The pandemic has given all teachers, school principals and non-teaching staff a whole new vocabulary to incorporate into daily professional life. First the terms of "droplet", "social distancing" and "PPE", personal protective equipment. Then "contact tracking", "clusters" and others were added.
For this autumn a new concept is emerging: that of "Microschooling". We see experiments of this type appearing here and there both in Italy and abroad: families try to cope with fluid school models. They do this to try to reconcile their work with their children's educational needs, and keep them safe when they feel uncomfortable with school safety plans.
Is this a momentary trend that helps decongest schools in this period, or could microschooling remain in the future?
Microschooling: what it is
Microschooling, in essence, is the creation of small school groups at home. In these "teaching capsules" a very small number of pupils, from 3 to 10, learn under the tutelage of their parents or a privately hired teacher.
A trend that started in the USA from the pages of local social media. The ads started hosting several parents looking to create groups, or join them, and then teachers or former teachers willing to take care of the education. Facebook groups Pandemic Pods they started to grow, reaching tens of thousands of subscribers. In a short time, ad hoc services have also arisen, sites such as Selected for Families e SchoolHouse who provided support for parents to organize microschooling groups.
In Italy there is great curiosity about the phenomenon. A phenomenon that is instinctively produced by apprehensive parents, but also a support mechanism for reduced school hours. It is the attempt to make up for the DAD, distance learning, which last year saw lights and shadows, or to complete a "hybrid" model with fewer days a week at school, and the rest remotely.
What makes microschooling groups so interesting?
In the USA, the “autarchic” version of this instrument is making its way. Instead of hiring teachers, some families aim to share teaching between parents. Parents in very narrow versions of microschooling groups aim to teach their children subjects that are congenial to them, perhaps for professional reasons.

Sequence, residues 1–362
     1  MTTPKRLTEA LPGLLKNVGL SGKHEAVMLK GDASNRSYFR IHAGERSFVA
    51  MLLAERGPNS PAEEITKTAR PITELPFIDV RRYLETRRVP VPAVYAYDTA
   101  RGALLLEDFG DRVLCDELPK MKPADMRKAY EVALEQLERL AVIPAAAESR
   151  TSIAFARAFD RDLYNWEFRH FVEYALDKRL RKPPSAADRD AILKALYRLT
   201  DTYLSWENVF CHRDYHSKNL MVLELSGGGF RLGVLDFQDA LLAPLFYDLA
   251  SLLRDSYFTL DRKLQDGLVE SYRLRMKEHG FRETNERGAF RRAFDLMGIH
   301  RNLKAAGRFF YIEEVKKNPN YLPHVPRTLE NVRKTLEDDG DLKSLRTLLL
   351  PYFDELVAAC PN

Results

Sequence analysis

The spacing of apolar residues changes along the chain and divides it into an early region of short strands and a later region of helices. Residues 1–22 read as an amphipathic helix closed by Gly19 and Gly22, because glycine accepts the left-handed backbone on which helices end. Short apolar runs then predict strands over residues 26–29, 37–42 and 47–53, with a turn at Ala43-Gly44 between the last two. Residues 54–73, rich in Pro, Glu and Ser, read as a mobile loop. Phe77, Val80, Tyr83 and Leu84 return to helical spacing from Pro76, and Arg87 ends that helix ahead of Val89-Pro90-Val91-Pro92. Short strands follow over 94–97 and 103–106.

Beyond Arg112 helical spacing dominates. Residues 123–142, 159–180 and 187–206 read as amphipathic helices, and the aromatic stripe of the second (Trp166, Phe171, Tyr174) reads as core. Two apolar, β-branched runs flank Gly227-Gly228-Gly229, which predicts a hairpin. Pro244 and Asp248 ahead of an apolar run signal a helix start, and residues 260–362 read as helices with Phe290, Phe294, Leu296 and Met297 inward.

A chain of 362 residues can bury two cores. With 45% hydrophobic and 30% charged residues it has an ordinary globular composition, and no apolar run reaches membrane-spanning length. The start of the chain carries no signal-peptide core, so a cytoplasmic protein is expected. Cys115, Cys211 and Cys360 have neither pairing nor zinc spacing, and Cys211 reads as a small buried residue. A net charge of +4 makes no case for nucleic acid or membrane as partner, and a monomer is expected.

It is an idea not without serious drawbacks. One of the main ones is security. Schools represent a risk for children, but even if they are small, private groups also need attention and protocols. Parents may not apply strategies and behaviors well to minimize the spread of Covid. The familiar and informal environment could let the guard down, and it would be a mistake considering the fact that the family unit is often the place where outbreaks arise.
Another big drawback in the case of "serious" microschooling (with hired teachers) is fairness. Smaller groups can be very expensive, especially if a qualified teacher is hired. They could become a viable option for a privileged few, leaving behind many children who come from families who cannot afford this expense. Nonetheless, it appears that the trend may also remain in theit was post Covid.
Will microschooling remain in the future?
Probably yes. In the US there are several schools that have started to think about this mechanism to develop teaching in smaller and safer student units. A way to improve distance learning with remote microschooling “classes” of 5-7 students who meet in alternative places, sometimes even outdoors or in spaces such as shopping malls and parks.
If school models like this are successful they could start a new approach to personalized learning. The microschooling framework can provide other opportunities for public schools to ensure learning even when the pandemic is over.